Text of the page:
|My Chicken Tikka Masala|
I think one reason I never hunted down another recipe, or tried to create one is that it seemed more a British thing than strictly Indian. A TV show recently made the statement that Chicken Tikka is just about Britain's signature dish. I like to create Indian foods that appear to be more mainstream Indian than Americanized. Granted, making a food in a different country will require some changes. Our yogurt may not be of the same consistency. Some (or many) of the spices called for may not be easily available. When I tried making a Thai Green Curry Paste some time back, there were a lot of changes, substitutions or things left out, simply because of unavailability (read about that adventure here). I am familiar with that particular kind of problem. Still, I want to taste an Indian dish close to the "real thing". Having never had the pleasure of visiting India and trying the foods first-hand, I endeavor to create them here in my home, as closely as possible to that "real thing."
Recently, some friends gave me an Indian cookbook called "My Indian Cookbook," by Amandip Uppal. It is slightly simplified, in most of the recipes, rarely calling for anything too terribly out of the ordinary. If it does, it will say "optional." In a first glance through, I felt it might not be my favorite of Indian cookbooks. I have at least 8 or more Indian cookbooks, with about three used on a regular basis. Still, since it was a gift, I went back and actually read through many of the recipes, and certainly perused every page. If it was something I would likely never make (like shellfish, since I have an allergy), I only glossed over it quickly. On this second perusal, I found a lot of interest.
The first thing I tried was a recipe for Naan. I used one recipe that called for making a filling for the Naan, thinking this would make a great thing better. On the plus side, the Naan itself has to be the very best I've ever made. They were soft, soft, and just so lovely. On the negative side, the fillings were really not at all noticeable. I made them a second time yesterday, using twice the filling, and still there seems to be no apparent flavor from the fillings, though the bread is so easy to make and so soft and good. The simple Naan recipe is a real keeper.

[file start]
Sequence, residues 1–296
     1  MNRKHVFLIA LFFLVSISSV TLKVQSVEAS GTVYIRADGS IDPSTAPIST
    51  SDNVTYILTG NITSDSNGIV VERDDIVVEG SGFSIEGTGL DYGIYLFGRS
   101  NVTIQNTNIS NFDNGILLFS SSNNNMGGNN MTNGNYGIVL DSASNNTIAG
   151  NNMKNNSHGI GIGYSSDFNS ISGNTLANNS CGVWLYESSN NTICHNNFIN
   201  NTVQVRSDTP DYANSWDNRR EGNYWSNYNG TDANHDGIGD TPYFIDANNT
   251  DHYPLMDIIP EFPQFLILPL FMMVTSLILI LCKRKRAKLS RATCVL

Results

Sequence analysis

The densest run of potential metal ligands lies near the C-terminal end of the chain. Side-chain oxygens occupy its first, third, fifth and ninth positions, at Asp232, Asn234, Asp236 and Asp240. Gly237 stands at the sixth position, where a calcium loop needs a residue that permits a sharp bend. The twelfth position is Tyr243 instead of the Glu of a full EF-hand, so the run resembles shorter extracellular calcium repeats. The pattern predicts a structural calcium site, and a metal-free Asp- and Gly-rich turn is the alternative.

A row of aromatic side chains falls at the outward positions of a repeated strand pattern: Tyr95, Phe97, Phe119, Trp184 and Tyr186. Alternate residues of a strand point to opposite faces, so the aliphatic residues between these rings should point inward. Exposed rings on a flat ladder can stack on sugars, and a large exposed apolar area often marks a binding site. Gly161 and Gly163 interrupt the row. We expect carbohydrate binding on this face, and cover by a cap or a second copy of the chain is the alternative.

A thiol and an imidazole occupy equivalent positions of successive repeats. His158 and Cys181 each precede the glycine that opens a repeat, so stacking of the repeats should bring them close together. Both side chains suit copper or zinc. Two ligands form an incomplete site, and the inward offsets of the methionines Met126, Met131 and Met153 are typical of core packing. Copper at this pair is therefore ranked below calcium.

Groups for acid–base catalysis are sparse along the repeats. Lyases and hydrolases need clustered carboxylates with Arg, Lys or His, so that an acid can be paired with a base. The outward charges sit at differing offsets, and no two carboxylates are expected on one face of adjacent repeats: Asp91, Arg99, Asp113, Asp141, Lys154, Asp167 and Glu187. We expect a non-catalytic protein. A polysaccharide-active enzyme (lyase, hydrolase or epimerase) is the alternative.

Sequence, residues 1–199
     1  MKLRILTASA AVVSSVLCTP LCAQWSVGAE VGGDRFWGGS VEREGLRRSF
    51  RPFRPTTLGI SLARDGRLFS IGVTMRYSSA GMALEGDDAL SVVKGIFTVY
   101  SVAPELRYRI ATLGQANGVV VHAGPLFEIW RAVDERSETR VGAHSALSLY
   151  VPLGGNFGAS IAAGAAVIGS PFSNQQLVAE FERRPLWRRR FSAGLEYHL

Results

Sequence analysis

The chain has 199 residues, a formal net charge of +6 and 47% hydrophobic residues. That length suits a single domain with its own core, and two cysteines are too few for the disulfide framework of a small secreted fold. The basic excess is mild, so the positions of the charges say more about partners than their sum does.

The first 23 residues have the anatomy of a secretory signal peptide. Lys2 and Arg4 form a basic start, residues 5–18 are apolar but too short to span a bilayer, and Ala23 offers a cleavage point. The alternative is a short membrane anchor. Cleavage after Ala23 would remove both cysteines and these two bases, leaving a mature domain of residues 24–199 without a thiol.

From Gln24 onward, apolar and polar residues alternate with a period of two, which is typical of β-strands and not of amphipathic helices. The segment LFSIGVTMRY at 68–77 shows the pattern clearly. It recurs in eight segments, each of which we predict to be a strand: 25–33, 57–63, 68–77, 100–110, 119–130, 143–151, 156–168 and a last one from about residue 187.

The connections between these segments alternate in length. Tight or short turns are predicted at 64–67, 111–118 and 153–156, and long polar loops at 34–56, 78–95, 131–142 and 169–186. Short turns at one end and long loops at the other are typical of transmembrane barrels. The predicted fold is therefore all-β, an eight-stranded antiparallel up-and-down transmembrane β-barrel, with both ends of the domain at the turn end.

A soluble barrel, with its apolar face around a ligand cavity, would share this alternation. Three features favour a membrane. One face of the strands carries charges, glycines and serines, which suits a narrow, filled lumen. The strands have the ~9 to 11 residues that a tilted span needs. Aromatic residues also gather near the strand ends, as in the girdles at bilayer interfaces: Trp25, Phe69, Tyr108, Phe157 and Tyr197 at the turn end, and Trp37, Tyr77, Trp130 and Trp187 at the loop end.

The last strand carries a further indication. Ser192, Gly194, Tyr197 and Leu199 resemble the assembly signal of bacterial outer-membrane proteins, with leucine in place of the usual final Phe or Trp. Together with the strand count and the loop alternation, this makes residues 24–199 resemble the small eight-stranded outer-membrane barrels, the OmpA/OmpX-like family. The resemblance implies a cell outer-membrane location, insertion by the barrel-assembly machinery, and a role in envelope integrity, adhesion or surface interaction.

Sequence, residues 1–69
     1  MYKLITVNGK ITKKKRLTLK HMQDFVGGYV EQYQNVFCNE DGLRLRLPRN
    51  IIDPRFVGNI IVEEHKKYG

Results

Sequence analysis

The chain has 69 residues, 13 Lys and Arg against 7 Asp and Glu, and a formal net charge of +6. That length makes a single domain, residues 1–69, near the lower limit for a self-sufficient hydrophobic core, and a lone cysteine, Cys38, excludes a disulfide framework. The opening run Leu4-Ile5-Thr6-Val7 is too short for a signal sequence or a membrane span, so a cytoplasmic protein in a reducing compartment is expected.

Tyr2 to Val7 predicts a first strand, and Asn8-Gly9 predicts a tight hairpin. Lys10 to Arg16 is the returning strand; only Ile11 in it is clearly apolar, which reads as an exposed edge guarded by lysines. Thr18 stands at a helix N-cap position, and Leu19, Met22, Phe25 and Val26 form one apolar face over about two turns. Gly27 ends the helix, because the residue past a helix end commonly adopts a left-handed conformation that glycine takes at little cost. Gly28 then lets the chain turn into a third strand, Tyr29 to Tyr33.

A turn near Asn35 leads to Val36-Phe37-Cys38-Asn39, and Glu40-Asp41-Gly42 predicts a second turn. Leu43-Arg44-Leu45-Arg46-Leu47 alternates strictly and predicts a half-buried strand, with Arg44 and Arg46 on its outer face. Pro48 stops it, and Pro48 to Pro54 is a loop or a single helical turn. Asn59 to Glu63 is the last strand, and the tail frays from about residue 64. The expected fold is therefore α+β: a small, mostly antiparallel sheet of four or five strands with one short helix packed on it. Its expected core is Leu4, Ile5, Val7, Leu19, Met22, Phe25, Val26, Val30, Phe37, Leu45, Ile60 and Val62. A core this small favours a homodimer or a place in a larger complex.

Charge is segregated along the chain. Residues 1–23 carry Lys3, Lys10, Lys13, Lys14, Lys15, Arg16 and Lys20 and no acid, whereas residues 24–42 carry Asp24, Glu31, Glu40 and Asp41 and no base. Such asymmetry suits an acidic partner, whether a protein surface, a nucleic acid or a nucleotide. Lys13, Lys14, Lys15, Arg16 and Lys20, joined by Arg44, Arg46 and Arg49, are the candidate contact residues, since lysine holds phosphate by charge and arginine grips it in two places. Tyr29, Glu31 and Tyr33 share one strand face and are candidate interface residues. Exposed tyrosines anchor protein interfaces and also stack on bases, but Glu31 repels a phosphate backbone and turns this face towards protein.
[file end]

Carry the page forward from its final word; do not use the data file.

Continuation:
Meanwhile, I tried two other recipes, both quite delicious. And then I finally thought I would make the Chicken Tikka. Her recipe for this chicken is in the appetizer type foods, where the skewered meat is set onto a Naan bread and some onion and tomato are added in to eat as a hand food, or street food. There was no sauce made for the dish as a meal. So I set about, as I usually do, searching my other cookbooks, and online recipes to see what others do.
The marinade for the chicken pieces is a separate recipe in the book, and as I read that one, the amount of chicken I was using was more than she used, so I started tinkering with the amounts after reading other recipes. As it turned out, though many of the ingredients are the same no matter where one reads the recipe, there were some variables. The variations in amounts for a given ingredient were all over the board. Ultimately, after tasting the chicken once it was grilled, I absolutely loved that marinade and would do that again in a heartbeat. While the final sauce was good (my husband raved), for me it detracted from the great flavor of the chicken on its own! I did not hate it, or even dislike it. I just felt that as it stood, my sauce recipe needs a little more work. I will set it out here, because my husband really loved it, so obviously there is nothing innately amiss with it.